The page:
Perseids meteor shower at Lighthouse Park

On Wednesday, August 10 of this year, photographer Anthony Essmaker of Anthony + Darci Photography visited Lighthouse Park to enjoy and record this year’s Perseids meteor shower.


Why is there a shower of meteors this time each year? In the days from mid-July to this time in August, the earth, on its orbit around the sun, intersects the longer, more elliptical path of the Swift-Tuttle comet. The comet, like all comets, is not a stable ball like a planet, moon, or even an asteroid.


Comets hurtle through the solar system, spewing gases and scattering debris from rocks coming loose from them. Not having any significant gravity, as they are so relatively small, comets lose their debris. These pieces of the comet enter our thick atmosphere at more than 100,000 miles per hour and burn up, this is what we call the Perseid meteor shower.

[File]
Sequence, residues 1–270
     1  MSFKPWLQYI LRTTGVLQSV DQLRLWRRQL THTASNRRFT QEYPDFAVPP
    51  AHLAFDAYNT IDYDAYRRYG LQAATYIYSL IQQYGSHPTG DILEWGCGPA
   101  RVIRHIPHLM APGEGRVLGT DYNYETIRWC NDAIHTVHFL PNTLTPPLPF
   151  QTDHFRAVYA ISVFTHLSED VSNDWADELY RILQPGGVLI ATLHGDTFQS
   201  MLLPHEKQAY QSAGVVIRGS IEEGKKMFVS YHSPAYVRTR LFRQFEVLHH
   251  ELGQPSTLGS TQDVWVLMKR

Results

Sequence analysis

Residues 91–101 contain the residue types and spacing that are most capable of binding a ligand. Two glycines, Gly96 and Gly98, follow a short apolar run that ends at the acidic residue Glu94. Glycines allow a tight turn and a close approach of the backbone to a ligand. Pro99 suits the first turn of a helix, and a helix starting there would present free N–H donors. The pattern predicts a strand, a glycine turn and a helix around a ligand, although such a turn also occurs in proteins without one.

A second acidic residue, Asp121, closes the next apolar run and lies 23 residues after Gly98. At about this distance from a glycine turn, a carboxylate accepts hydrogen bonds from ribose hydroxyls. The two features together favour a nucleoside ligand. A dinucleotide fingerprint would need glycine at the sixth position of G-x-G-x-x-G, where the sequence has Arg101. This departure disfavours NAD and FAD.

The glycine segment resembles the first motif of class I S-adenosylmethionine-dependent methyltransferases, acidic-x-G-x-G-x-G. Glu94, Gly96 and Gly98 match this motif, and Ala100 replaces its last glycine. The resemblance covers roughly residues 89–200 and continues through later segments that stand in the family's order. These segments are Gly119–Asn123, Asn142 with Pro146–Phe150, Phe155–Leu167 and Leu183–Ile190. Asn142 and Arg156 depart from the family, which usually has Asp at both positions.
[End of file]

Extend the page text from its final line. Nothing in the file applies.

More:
The intensity and beauty of any particular year’s shower is just a matter of how thick the matter coming loose from the comet is at the point, lasting three weeks or so, that our world crosses the path of the comet.

This meteor shower was named “Perseids” because, at the time of year the shower occurs, the constellation Perseus is directly above it. Perseus was a hero in Greek mythology. He was the son of Zeus and a mortal woman, Danae. The blaze of the meteor shower commemorates Zeus “visiting” Danae in a shower of golden light.


Of course, the location of the shower in front of any constellation is arbitrary. The Perseus constellation is composed of stars light-years distant from the meteor shower.


In 2017, the Perseids will peak on August 12.


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